The core of the orchestra is students of the two-year international master's program in symphonic orchestra playing at the University of Gothenburg University. The training is unique in its kind and is conducted in collaboration with the Gothenburg Symphony and the Gothenburg Opera. The orchestra projects also include students from the bachelor's program in classical music, a three-year program where the students focuses on chamber music playing and individual development on their instrument. Sometimes students from other music colleges are invited to participate and complement the orchestra. The artistic director of the University of Gothenburg Symphony Orchestra is Henrik Schaefer. Each academic year, the University of Gothenburg Symphony Orchestra performs eight orchestral productions with a total of around 15 public concerts. Internationally well-known conductors and soloists are engaged for these. Recently, Anja Bihlmaier, Eva Ollikainen, ShaoChia Lü, Olaf Henzold, Patrik Ringborg, Tobias Ringborg, Michel Tabachnik and Steven Sloane have been guests of the orchestra. Among the soloists are pianists Roland Pöntinen and Christian Zacharias, violinists Malin Broman and Antje Weithaas, trumpeter Tine Thing Helseth and singer Kristina Hansson. The orchestra also collaborates every year with the opera education at the University of Stage and Music. The University of Gothenburg Symphony Orchestra is an ambassador for the University of Gothenburg, supporting the concert and tour activities.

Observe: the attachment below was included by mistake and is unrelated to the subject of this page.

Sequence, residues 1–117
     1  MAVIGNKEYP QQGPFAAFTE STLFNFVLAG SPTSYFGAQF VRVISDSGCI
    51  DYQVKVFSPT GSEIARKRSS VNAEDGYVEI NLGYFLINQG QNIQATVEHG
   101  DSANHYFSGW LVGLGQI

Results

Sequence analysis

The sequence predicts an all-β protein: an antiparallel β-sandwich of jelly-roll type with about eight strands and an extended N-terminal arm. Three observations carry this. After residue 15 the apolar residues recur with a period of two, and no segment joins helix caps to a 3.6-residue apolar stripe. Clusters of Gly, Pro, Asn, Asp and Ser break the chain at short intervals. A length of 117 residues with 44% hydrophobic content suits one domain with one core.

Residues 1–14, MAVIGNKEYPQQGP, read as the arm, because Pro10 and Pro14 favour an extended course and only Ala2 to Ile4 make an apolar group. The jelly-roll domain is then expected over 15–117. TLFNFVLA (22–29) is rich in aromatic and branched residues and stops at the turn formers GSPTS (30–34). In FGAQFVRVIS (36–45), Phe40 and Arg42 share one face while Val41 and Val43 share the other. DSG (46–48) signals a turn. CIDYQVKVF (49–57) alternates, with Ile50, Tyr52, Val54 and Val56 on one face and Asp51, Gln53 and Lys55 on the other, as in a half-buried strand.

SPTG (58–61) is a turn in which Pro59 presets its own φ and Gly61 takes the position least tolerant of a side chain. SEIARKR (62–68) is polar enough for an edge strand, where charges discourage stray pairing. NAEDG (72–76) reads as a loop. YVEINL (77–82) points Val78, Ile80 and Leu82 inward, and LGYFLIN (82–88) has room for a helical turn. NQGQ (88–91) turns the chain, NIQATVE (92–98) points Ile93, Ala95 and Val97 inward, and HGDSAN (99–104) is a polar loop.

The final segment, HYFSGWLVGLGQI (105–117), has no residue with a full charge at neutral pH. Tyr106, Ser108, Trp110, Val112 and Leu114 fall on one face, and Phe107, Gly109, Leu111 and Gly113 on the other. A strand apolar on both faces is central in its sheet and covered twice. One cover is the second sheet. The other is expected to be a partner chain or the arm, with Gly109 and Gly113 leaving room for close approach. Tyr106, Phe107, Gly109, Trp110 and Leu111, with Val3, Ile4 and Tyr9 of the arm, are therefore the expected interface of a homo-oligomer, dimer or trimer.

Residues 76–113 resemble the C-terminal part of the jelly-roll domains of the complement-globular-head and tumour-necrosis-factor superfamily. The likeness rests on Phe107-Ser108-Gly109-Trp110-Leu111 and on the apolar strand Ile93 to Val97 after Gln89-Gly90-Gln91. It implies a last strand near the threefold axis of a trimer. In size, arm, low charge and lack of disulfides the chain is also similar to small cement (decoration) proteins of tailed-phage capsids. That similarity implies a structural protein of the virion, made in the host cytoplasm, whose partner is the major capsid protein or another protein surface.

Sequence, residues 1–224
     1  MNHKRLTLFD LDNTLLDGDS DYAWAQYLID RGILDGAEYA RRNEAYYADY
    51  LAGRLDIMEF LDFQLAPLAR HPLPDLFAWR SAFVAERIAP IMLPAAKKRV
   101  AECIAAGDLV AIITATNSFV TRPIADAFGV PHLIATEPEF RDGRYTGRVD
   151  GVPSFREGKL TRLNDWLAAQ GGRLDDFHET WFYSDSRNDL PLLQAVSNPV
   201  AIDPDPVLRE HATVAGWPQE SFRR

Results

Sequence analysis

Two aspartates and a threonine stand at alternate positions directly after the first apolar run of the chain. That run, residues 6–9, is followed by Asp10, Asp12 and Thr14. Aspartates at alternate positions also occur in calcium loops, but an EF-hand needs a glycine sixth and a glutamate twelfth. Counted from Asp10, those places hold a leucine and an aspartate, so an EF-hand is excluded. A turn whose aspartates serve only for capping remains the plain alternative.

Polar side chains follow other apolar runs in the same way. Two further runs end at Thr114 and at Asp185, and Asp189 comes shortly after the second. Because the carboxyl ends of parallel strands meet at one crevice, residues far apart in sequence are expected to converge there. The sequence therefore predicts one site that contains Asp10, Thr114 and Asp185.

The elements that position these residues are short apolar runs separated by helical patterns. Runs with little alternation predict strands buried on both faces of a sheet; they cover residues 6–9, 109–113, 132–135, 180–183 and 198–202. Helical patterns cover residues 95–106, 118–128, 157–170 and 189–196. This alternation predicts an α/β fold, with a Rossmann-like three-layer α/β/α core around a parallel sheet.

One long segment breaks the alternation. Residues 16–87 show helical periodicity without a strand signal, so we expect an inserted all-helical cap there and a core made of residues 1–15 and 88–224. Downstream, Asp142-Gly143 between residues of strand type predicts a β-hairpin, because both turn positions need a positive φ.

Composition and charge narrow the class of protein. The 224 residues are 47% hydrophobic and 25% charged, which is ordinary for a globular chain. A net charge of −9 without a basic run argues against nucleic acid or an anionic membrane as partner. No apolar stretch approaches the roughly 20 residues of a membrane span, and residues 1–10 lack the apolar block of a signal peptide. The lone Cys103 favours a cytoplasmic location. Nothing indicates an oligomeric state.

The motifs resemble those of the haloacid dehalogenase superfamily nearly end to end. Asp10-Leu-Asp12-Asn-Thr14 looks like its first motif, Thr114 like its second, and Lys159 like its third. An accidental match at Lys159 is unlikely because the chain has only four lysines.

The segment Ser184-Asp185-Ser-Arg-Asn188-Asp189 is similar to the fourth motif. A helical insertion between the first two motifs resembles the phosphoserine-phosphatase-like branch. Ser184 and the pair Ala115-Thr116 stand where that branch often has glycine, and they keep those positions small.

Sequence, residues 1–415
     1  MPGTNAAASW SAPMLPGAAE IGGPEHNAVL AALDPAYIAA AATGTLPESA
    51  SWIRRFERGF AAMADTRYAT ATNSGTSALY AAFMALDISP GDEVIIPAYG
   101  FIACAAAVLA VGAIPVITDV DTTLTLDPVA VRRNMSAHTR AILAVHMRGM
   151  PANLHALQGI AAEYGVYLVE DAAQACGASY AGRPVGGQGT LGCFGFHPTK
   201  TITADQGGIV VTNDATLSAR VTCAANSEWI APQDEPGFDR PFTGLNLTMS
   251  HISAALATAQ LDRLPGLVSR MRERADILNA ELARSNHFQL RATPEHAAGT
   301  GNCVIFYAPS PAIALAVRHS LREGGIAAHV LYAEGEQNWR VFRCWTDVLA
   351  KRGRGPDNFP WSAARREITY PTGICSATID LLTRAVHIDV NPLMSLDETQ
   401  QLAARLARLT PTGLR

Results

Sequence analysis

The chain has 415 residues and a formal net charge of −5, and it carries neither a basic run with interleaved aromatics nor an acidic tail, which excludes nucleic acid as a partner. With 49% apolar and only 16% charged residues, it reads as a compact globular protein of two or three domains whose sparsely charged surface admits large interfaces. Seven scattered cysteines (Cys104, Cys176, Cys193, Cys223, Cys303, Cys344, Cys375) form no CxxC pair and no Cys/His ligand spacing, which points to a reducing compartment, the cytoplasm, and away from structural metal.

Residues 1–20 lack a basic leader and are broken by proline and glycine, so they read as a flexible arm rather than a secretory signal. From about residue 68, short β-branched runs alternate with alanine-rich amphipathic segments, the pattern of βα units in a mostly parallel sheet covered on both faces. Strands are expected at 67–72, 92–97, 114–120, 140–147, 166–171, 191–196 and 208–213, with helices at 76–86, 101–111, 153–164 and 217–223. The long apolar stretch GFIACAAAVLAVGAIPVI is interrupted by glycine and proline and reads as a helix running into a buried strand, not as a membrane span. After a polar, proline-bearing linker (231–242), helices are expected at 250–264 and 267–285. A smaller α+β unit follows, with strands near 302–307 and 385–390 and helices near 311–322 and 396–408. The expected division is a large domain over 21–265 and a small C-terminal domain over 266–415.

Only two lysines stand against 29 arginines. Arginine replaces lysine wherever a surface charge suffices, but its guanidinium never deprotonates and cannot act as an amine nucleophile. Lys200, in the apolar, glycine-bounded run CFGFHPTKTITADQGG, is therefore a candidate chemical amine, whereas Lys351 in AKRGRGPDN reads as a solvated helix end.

Henrik Schaefer is Artistic Director of the study programme Master of Orchestra Performance at Gothenburg University. He is also musical director and chief conductor of Folkoperan in Stockholm. The Bochum-born musician began his conducting career as an assistant to Claudio Abbado and was musical director of the Gothenburg Opera Orchestra from 2013-2020. Among other things, he has conducted successful productions of Mozart's Marriage of Figaro and The Magic Flute, Strauss' Daphne, Thomas' Hamlet and Madame Butterfly. His commitment to unknown romantic repertoire is shown in concerts, opera productions and first recordings of rediscovered works by composers such as Elfrida Andrée, Wilhelm Stenhammar, Joachim Raff and August Klughardt. In 2004-2011 Henrik Schaefer was first guest conductor of the Hiroshima Symphony Orchestra, and 2007-2013 chief conductor of Wermland Opera in Karlstad.